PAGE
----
10 Lessons We’ve Learned From the Mother Figures In Our Lives

Their words have inspired us to stay resilient, believe in our potential, and step outside our comfort zones.

MoMo Productions/ Getty Images
MoMo Productions/ Getty Images

As Mother’s Day approaches this weekend, we’re thinking about the wisdom we’ve received from the mothers or mother figures in our lives, and how their words have inspired us to stay resilient, believe in our potential, deepen our compassion, and step outside our comfort zones. 

We asked our Thrive community to share with us the most impactful lessons they’ve learned from their moms or other mother figures in their lives. Which of these lessons resonates with you?

You are enough. 

“My mother’s face always lit up when I walked into a room, and I try to do that for my own three kids. It made me feel like I was enough. My mother, a two-time cancer survivor, reminded me to get up, dress up, show up and never give up. My mother taught me to believe in myself beyond reason, and for that I am forever grateful. She is the wind beneath my wings.”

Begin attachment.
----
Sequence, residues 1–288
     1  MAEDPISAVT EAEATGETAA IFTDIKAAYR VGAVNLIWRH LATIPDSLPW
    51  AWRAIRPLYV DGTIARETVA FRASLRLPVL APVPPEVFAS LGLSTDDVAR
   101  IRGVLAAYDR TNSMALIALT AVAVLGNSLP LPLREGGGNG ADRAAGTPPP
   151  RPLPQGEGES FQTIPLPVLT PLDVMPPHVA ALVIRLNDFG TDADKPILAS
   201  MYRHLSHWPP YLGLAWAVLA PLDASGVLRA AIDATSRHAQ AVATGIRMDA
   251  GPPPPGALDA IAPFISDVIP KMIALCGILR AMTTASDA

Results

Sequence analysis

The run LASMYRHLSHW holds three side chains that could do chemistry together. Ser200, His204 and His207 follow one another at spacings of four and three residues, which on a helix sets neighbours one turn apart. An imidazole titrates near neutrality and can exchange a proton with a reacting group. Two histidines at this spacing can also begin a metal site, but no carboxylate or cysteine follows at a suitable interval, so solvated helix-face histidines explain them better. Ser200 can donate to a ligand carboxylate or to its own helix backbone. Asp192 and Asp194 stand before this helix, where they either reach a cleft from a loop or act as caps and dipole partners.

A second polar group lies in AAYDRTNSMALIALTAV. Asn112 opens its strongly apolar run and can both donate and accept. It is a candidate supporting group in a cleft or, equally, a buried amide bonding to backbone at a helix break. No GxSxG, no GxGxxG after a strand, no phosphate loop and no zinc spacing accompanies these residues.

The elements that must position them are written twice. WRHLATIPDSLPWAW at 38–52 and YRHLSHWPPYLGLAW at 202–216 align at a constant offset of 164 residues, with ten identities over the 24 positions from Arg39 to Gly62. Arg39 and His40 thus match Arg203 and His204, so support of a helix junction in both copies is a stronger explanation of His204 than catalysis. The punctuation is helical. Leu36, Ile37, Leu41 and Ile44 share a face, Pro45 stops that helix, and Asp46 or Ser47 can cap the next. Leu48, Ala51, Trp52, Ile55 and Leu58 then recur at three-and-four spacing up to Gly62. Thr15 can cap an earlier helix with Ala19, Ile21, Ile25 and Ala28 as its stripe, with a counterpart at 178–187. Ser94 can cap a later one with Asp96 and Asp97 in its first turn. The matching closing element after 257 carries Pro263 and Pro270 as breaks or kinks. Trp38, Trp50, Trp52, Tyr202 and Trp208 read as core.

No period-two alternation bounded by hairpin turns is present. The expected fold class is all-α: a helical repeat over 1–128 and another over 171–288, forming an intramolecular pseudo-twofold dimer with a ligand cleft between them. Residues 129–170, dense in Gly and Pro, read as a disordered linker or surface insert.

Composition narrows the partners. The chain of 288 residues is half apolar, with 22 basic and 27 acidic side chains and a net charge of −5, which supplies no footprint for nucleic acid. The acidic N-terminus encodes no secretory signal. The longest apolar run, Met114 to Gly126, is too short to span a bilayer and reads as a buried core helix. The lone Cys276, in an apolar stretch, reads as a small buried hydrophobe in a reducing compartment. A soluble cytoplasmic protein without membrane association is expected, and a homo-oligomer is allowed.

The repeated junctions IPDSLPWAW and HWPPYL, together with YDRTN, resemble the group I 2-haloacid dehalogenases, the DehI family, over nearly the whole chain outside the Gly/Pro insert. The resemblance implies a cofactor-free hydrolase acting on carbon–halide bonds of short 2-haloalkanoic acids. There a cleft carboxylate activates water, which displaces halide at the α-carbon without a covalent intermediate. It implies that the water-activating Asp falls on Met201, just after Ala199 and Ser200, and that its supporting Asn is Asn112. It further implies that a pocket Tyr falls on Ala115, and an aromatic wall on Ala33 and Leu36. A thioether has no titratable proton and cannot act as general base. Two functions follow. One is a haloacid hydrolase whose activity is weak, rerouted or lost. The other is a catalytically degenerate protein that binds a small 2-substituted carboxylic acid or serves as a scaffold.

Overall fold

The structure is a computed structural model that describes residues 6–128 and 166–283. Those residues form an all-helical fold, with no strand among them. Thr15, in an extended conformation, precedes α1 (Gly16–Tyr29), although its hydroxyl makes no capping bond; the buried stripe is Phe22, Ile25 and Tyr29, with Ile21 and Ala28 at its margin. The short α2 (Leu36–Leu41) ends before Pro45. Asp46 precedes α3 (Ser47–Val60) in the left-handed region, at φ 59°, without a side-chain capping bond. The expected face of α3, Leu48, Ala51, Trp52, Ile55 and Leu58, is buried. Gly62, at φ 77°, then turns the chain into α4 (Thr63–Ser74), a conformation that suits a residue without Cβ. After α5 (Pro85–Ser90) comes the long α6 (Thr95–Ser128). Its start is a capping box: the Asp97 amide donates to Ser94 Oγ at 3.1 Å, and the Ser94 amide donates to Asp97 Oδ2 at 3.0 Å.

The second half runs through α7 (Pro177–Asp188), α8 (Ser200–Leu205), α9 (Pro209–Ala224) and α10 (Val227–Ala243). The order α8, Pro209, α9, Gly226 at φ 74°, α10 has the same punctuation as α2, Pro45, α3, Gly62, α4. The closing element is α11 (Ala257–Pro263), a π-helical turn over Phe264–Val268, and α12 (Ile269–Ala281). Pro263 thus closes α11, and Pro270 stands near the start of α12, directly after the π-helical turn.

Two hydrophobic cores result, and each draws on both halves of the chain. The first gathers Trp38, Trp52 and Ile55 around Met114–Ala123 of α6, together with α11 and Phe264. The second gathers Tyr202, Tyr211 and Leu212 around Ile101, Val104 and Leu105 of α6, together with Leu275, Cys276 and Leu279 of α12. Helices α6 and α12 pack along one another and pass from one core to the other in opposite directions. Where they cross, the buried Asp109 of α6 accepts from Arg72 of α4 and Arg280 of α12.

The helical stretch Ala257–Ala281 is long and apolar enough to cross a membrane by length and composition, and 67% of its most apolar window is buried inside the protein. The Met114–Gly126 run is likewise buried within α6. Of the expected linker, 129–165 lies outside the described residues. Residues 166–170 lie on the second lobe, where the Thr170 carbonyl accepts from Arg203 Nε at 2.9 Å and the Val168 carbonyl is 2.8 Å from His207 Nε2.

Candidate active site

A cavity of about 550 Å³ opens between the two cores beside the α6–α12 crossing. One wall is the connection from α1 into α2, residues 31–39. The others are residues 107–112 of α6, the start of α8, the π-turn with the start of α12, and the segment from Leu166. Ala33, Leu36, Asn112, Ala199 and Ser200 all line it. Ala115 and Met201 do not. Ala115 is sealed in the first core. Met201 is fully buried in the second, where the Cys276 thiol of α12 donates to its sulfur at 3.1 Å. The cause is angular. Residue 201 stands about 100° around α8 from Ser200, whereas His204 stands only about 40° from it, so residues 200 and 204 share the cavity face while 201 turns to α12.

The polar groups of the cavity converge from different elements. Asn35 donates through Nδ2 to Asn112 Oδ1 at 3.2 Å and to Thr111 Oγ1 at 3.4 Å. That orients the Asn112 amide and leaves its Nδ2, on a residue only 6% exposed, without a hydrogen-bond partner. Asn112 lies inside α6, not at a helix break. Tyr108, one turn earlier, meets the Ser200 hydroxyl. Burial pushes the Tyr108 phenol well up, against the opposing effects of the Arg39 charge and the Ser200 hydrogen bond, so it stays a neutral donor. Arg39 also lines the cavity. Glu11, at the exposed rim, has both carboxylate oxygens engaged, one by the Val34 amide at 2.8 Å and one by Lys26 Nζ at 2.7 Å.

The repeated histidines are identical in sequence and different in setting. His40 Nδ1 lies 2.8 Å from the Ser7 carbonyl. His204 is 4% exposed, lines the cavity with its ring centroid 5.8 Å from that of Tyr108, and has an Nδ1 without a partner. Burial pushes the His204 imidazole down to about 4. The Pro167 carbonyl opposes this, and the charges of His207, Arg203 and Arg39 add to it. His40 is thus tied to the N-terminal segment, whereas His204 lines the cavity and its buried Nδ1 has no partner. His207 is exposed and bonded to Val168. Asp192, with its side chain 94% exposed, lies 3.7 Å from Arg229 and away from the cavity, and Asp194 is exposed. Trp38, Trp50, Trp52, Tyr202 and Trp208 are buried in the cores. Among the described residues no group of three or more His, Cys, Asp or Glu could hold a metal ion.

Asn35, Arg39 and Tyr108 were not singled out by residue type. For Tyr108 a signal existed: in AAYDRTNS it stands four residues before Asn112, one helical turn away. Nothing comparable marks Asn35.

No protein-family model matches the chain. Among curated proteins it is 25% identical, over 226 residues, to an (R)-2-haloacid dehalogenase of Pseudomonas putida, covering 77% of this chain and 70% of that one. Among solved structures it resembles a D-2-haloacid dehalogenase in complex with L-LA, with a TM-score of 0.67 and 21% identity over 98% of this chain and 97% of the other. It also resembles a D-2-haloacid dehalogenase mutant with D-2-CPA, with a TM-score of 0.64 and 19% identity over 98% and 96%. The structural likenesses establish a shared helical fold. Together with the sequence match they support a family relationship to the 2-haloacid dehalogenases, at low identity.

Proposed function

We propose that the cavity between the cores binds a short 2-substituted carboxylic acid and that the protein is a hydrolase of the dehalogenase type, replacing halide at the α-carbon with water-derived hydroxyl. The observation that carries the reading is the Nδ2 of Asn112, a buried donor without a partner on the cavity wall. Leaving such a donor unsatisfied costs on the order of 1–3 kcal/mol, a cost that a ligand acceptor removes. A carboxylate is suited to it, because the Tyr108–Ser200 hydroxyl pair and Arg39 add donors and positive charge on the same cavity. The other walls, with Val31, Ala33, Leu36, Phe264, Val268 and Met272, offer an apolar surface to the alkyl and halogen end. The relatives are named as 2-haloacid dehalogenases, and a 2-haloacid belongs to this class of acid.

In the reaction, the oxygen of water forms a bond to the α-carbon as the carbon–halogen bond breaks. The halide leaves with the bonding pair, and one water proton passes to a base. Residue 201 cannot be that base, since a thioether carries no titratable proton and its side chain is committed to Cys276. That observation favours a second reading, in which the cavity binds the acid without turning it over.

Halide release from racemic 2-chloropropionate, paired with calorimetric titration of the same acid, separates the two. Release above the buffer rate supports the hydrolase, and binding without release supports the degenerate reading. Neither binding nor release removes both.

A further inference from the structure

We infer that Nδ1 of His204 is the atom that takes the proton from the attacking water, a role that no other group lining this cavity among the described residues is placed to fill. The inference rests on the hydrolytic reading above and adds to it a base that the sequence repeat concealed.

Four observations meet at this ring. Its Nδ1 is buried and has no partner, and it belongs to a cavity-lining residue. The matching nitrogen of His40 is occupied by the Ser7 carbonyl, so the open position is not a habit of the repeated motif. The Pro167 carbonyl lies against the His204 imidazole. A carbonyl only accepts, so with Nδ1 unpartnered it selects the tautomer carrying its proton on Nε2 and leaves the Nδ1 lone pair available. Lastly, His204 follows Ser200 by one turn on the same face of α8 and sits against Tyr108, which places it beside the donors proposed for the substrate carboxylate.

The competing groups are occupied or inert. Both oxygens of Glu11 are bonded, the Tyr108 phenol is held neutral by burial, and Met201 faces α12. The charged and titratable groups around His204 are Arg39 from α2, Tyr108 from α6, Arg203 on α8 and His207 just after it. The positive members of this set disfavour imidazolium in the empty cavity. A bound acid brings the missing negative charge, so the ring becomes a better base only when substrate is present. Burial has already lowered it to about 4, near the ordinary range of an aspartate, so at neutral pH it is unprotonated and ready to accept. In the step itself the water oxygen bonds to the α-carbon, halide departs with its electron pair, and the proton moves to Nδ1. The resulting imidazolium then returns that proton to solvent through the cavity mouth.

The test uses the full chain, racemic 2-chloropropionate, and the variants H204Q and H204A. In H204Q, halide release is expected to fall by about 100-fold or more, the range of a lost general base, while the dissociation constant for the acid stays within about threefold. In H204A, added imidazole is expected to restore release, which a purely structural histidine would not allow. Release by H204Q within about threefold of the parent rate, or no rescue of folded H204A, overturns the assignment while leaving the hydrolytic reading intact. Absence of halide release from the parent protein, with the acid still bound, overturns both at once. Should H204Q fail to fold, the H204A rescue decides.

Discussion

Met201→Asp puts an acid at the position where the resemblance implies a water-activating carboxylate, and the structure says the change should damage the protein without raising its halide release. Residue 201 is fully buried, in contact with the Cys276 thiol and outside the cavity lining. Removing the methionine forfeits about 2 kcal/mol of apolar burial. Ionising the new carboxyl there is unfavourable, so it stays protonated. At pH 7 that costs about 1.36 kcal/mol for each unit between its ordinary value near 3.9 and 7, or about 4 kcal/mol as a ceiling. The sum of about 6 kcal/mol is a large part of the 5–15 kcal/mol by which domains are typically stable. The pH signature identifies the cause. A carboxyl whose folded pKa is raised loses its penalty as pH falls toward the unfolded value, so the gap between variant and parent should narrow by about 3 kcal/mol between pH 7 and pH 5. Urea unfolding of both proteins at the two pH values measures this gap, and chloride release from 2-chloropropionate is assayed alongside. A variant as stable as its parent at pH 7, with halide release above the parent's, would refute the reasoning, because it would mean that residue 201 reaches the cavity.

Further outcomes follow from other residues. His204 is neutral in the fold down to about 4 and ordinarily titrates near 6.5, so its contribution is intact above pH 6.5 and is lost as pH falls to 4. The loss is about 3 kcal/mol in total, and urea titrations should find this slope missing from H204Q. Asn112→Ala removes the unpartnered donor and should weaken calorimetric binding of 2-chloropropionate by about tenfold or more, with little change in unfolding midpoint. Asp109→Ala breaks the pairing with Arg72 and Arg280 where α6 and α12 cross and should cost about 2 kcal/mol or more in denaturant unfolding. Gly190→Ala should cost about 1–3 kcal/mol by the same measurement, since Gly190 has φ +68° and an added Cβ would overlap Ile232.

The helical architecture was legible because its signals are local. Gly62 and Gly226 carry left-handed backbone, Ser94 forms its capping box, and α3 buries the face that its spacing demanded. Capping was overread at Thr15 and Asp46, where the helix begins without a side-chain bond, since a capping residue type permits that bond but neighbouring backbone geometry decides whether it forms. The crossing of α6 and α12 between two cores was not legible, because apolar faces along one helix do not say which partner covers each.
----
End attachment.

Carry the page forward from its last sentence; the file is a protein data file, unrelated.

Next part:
—Siobhan Kukolic, author, inspirational speaker and life coach, Toronto, Canada

You’re never too old to have fun.

“My grandma lived her life as an example to aspire to. Her early life was hard, and yet she emerged from it as this beautiful person, filled with light that she shined on every single person she met. She taught me that you are never too old for shenanigans. Her smile and laugh were infectious and she was always doing one or both. In addition to being a practical joker, she found the light side in everything and allowed herself to celebrate her kid inside. We were always up to something silly together, playing hide-and-go-seek, having flour fights while we baked or quietly snickering at Grandpa when he would fall asleep at the table reading the newspaper. I have continued in her tradition as my loving husband and I share the same humor in our marriage. We laugh and play together every single day. What a beautiful legacy she left me.”

—Donna Skillman, business intelligence developer, North Palm Beach, FL

Believe in yourself.

“My mom always believed in me. She didn’t look at the odds or the circumstances. She just believed. I wouldn’t know it growing up, but this was the greatest lesson that she taught me. To believe in myself always and to never allow the circumstances to determine my outcome before I try.”

—Mary Guirovich, career coach, San Antonio, TX

Always look at life with the glass half full. 

“My mother’s greatest gift to me was to show me how to look at life always with the glass half full. And the older I get, the greater the gift gets, because life isn’t easy and a positive outlook will allow you to get through the tough challenges. She would always say, I’ll worry about that tomorrow and then just smile. If she did worry about it, we never knew!”

—Alison Scott, health coach, San Diego, CA

Don’t sweat the small stuff.